Perhaps the key question is technological. Stalinism was a creature of its technological moment, with the advent of crude mass media and industrial mass-production somewhat amenable to brutal top-down command-and-control. Today, no one would dream of running a command-and-control economy, but command-and-control media are quite a different matter. Russia and China are each, in their own ways, highly sophisticated in controlling their media environments. We have our own FOX news- organ of the plutocracy, for heaven's sake.

So a global arms race is afoot in the new media environment, between freedom, connectedness, transparent openness, and repressive forces (both corporate and state-sponsored) that divert, dilute, drown out, or if needed, destroy dissenting voices and movements. Information is power, as the old saying goes. And along with the repression comes corruption, its natural corollary in abuse of power. Free information is the prerequisite of all other freedoms, as our founders knew very well- the killer app of democracy, if you will.

"Minsky criticized the Kennedy-Johnson War on Poverty, warning that without a significant job creation component it would fail to reduce poverty even as it created a welfare-dependent and marginalized class. He showed that offering one full-time job per low income household instead– even at the minimum wage- would raise two-thirds of all poor families above the poverty line. Further, he estimated that the output created by putting people to work would more than provide for the extra consumption by increasing GDP by a multiple of the extra wages.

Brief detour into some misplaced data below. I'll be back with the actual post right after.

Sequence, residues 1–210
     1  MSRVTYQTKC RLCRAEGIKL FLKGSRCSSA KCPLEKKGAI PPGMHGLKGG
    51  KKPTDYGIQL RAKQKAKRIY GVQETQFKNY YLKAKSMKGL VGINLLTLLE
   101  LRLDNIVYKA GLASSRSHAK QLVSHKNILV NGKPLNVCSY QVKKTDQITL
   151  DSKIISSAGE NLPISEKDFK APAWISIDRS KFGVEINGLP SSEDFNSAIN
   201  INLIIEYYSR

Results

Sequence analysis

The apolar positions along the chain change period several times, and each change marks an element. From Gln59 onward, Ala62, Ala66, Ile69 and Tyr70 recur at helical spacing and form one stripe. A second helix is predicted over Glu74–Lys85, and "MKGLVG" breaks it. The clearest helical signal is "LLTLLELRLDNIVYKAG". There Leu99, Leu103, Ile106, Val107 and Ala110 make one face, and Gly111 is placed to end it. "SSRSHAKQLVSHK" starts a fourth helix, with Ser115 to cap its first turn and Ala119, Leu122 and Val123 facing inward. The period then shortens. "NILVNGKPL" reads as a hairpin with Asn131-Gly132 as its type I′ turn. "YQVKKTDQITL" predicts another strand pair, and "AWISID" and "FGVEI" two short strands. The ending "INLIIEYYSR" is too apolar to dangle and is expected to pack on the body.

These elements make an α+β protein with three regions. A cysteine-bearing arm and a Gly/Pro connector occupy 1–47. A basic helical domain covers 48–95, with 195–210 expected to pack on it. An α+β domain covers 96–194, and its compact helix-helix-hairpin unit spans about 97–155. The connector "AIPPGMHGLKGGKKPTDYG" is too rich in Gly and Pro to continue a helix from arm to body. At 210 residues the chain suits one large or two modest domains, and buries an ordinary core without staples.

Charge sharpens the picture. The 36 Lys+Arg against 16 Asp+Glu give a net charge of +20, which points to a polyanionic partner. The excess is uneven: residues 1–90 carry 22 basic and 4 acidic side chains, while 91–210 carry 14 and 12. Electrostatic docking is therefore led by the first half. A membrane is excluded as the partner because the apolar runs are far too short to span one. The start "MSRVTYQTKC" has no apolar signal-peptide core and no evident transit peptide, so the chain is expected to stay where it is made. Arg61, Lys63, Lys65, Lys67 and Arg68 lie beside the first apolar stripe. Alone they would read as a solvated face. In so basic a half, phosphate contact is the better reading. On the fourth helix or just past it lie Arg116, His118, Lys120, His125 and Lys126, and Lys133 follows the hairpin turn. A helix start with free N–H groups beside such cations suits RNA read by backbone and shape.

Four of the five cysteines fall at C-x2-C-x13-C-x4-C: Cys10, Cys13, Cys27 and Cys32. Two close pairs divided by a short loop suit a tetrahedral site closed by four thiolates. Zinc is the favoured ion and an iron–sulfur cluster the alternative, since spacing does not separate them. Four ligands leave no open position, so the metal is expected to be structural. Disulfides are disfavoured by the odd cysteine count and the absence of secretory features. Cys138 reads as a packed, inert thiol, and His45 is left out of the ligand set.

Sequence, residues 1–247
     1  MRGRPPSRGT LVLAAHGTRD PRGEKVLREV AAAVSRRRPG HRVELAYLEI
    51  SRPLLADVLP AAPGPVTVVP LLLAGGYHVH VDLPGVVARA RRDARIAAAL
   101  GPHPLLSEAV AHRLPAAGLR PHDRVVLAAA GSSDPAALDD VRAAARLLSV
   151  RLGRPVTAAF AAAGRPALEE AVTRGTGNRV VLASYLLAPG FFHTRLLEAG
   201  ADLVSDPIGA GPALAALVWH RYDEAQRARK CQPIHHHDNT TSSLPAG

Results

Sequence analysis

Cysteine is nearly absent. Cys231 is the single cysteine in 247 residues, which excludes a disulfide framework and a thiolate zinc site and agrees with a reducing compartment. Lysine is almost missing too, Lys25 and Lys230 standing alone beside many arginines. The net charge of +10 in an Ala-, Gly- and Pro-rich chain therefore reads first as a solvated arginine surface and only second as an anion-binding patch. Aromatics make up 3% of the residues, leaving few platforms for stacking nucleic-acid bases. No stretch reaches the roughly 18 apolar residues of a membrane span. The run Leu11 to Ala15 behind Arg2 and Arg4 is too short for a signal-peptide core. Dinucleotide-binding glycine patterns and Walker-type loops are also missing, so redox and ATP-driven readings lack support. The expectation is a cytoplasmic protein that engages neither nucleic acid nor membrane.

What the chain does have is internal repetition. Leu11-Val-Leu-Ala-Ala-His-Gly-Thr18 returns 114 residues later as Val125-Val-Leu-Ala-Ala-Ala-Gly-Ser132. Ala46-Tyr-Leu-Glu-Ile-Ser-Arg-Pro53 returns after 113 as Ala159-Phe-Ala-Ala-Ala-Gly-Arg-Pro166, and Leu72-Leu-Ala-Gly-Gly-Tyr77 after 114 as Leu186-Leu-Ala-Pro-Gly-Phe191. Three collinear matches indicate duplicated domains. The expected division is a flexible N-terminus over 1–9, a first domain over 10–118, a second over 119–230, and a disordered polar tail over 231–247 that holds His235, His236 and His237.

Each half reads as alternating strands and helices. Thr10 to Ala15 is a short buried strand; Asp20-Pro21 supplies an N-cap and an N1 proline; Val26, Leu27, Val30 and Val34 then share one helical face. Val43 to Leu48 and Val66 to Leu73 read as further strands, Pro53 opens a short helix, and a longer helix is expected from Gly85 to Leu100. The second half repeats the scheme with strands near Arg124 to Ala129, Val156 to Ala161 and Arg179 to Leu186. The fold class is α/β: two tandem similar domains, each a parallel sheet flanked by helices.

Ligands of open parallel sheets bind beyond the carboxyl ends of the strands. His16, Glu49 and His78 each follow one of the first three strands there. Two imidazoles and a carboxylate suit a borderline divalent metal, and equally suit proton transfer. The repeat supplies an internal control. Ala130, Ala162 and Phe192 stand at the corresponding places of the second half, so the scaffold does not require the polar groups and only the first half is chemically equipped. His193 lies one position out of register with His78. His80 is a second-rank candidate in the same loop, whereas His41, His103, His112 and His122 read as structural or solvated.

Minsky argued a legislated minimum wage is “effective” only with an “employer of last resort”, for otherwise the true minimum wage is zero for all those who cannot find a job.
 The government as employer of last resort serves as a bookend to the central bank as lender of last resort– just as the lender of last resort sets a floor to asset prices (by lending so that banks do not have to engage in firesales), the employer of last resort sets a floor to wages (anyone willing to work can get the minimum wage) and thus also to aggregate demand and consumption."
  • Bonus- economics figure. It is the private debt that leads to bubbles and collapses:

Saturday, March 24, 2012

The Amish, Apple, and modern community

On the religion of objects, their morals and connection with community.

PBS offered a beautiful documentary of the Amish, asking how and why they have resisted the modernity the rest of us worship. To me, the most interesting observation is that community is the core purpose of Amish life. Anything that tends to weaken community, like cars, phones, women's rights, and domestic conveniences, is negotiated in a way that either is excluded completely, or kept at arm's length such that it doesn't invade the home. Work per se is valued as good, so doing more of it via traditional technologies isn't such a bad thing. Just look what the "English" do with all their free time!